Monday, July 21, 2014

HSF #13--A Coppergate Cap

Because I was planning to be away on vacation for most of the week of July 14, I needed a quick project (again!) if I was going to participate in the "Under $10" challenge.  It took me a while to decide upon one that fits in with my interests, but I finally hit upon one I find very satisfying.

Recently, I managed to obtain a copy of Penelope Walton's (now Penelope Walton Rogers) book on the textile finds at the Coppergate site in York, England.  The book has been out of print for years and the cheapest copy I have ever seen on the market before now was priced at nearly $200.00 USD.  So I was pleased when ALibris, acting on a wish list reminder I'd left years ago, sent me e-mail about a copy that was available for about $33.00 USD after including shipping costs from Germany. In reading the book, I was particularly impressed with the precision of Walton's description of the silk cap found at Coppergate.  I knew I had some unused silk purchased for another project in more than sufficient quantity (about a yard and a half), so I decided that a Coppergate cap would be my $10 project.   I almost finished the cap on July 14, but because we were scheduled to leave for vacation early on the morning of the 15th, I didn't quite manage it.  However, I was able to finish it today, so now here it is, along with my ruminations on making and wearing the cap.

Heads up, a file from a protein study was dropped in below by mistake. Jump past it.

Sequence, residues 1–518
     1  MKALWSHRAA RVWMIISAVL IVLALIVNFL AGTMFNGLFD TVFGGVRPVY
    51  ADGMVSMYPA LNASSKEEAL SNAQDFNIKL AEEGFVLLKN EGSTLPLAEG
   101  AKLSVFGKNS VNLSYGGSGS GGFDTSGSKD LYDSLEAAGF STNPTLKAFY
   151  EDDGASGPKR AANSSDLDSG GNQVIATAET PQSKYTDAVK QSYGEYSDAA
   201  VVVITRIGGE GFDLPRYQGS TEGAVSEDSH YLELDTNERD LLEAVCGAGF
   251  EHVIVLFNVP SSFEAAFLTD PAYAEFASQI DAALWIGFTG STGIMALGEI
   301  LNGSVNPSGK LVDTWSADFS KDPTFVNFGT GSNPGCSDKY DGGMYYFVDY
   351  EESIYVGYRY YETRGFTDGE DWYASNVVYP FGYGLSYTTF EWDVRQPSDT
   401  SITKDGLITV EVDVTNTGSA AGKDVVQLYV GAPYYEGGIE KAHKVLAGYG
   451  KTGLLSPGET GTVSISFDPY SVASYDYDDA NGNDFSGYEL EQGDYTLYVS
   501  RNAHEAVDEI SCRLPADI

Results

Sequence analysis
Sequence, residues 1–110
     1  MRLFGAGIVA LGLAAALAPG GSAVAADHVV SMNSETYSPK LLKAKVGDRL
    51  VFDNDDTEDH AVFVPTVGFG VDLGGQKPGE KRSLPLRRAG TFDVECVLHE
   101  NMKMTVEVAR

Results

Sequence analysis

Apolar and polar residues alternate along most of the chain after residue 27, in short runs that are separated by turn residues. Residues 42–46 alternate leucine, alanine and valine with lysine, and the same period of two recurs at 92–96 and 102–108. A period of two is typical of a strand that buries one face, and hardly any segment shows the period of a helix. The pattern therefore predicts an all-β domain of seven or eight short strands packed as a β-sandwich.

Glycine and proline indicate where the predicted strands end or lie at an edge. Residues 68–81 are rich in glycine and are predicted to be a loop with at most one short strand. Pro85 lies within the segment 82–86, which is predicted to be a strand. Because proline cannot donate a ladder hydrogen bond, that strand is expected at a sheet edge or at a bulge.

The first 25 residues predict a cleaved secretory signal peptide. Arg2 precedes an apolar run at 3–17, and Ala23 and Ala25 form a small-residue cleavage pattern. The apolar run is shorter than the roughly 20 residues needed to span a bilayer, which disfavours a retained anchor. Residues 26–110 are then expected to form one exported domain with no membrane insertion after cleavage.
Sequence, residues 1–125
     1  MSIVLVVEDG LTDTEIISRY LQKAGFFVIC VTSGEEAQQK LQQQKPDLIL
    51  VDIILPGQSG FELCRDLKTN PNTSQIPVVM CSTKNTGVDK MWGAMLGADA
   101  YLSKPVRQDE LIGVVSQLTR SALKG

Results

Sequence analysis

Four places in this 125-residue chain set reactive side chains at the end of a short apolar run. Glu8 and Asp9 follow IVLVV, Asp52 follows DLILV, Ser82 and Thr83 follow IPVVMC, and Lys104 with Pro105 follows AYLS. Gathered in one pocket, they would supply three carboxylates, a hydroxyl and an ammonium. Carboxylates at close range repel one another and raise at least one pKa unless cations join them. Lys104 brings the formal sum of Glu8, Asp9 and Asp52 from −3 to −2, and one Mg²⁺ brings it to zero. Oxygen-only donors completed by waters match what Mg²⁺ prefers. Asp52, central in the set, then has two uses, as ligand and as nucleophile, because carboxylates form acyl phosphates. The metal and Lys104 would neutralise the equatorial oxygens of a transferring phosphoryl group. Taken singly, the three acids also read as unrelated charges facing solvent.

The completed cap
Cap inside out, showing the inside seam
I wanted to make the tie strings from the same silk used for the cap--but realized, in the nick of time, that it would be nearly impossible to tie such a slippery silk securely to itself.  The worker who made the original cap must have come to the same conclusion, because Walton detected vegetable fibers consistent with linen at the points on the cap where the tie strings must have been sewn.  I could have used some of my leftover white ramie for the tie-strings, but I wasn't able to find it after a quick search--and didn't have the energy or time to make a more intensive search for it.